“No, unquestionably, it's as a group. I mean, those guys are great players. I mean, Denico Autry had nine sacks last year and missed time. I think anytime you can get pressure up the middle, that disrupts the quarterback as much as anything. It really helps your ends because now it constricts the pocket. I was pleased ... I mean, look, we want to be able to rush four, but saying that I was really pleased with how Matt (Eberflus) and the defensive staff created ways to get pressure bringing five and doing some different things. You got seven sacks out of (Darius) Leonard, you got 5 1/2 out of Sheard. We spread it out along a bunch of different guys and that's not always a bad thing either. To me ... at the end of the day you want to do it with four, but until you get that four right and get a dominant right end and a couple really dominant players on the front, you do it as a group.”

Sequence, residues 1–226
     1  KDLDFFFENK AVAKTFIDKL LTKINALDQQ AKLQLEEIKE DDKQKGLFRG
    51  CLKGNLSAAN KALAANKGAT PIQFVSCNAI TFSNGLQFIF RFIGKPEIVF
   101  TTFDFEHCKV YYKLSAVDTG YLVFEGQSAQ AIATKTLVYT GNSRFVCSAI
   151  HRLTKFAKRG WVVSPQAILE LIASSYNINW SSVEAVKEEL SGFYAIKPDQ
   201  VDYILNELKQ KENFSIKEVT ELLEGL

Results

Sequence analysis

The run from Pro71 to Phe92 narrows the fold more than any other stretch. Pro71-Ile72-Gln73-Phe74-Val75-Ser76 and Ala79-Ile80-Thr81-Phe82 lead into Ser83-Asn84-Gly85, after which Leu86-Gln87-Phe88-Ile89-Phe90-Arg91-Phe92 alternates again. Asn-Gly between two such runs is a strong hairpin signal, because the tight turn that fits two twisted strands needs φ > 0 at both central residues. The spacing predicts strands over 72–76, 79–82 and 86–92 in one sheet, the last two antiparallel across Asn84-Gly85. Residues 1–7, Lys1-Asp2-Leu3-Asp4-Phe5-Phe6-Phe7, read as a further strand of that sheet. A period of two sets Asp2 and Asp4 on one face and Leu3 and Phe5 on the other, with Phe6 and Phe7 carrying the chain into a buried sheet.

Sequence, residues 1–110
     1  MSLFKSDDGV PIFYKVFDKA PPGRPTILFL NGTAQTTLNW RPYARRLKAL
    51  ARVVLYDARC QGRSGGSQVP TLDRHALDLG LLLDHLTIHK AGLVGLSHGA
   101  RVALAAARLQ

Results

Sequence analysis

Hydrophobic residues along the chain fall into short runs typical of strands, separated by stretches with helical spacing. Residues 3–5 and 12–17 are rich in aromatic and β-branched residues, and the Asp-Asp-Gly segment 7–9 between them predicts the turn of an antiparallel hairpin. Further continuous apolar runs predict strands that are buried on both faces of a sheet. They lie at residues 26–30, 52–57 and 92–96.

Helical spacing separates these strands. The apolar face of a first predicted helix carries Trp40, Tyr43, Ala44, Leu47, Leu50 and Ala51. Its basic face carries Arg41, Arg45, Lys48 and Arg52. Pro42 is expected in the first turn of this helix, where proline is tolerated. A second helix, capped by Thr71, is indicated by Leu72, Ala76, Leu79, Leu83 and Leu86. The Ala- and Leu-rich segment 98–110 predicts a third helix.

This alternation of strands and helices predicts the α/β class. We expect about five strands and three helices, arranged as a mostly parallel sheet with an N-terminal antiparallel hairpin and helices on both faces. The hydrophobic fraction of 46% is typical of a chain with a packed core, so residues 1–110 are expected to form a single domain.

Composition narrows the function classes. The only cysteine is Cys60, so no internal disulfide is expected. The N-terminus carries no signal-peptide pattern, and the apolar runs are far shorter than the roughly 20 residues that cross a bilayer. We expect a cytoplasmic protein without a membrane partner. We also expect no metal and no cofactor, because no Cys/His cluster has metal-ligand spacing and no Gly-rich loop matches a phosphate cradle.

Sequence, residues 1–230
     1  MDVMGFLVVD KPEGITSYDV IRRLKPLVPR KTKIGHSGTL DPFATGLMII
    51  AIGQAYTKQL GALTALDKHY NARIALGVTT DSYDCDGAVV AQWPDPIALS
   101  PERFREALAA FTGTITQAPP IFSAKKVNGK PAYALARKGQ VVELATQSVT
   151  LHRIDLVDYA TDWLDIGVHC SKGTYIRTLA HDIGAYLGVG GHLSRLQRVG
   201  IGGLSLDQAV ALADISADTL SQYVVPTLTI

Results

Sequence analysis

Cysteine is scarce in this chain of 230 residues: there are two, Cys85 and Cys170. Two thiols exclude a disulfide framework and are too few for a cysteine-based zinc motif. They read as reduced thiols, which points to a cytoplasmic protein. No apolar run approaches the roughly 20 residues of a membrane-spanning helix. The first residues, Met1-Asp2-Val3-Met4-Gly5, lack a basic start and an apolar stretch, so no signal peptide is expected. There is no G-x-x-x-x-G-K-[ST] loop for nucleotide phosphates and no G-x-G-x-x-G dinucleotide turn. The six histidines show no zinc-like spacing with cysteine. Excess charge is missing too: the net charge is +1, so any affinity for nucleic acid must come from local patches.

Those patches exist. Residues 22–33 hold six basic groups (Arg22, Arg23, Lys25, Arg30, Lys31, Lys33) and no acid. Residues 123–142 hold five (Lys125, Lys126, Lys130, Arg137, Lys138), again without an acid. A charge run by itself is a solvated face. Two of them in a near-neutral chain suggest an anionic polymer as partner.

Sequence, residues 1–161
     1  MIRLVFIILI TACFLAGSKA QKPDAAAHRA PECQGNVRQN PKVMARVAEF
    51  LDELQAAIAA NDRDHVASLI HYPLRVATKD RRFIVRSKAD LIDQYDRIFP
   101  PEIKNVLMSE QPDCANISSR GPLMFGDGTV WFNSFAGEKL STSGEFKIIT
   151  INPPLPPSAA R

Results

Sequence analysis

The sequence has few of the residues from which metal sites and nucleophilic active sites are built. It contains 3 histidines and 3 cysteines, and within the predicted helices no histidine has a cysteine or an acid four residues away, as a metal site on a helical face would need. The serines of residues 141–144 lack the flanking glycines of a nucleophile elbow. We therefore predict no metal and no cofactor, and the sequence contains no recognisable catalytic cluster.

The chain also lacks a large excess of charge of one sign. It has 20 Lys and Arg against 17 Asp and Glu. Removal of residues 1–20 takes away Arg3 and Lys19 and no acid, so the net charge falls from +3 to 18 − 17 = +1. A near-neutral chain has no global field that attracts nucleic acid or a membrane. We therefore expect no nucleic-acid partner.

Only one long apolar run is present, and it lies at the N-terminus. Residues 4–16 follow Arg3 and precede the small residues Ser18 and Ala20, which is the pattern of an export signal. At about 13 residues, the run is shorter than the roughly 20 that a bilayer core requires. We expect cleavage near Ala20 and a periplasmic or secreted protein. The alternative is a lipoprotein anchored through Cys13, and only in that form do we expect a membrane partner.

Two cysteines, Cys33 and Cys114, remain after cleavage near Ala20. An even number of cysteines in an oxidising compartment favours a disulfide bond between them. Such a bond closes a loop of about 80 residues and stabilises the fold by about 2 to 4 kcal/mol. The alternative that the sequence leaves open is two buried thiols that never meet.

On where Darius Leonard can improve in his second season:

“Well, I know this with Darius: he is driven unlike many I've been around before. I mean, one thing about him is when he tells you he wants to be the best, he absolutely wants to be the best, so he's always looking for an edge that he can get. There's some things in pass coverage that I think coming from a lower level (in college), missing the OTA practices last year, some fundamental things that he can do better. I think he can get stronger. Those are all things he'll work on this offseason and in OTAs and into the season.”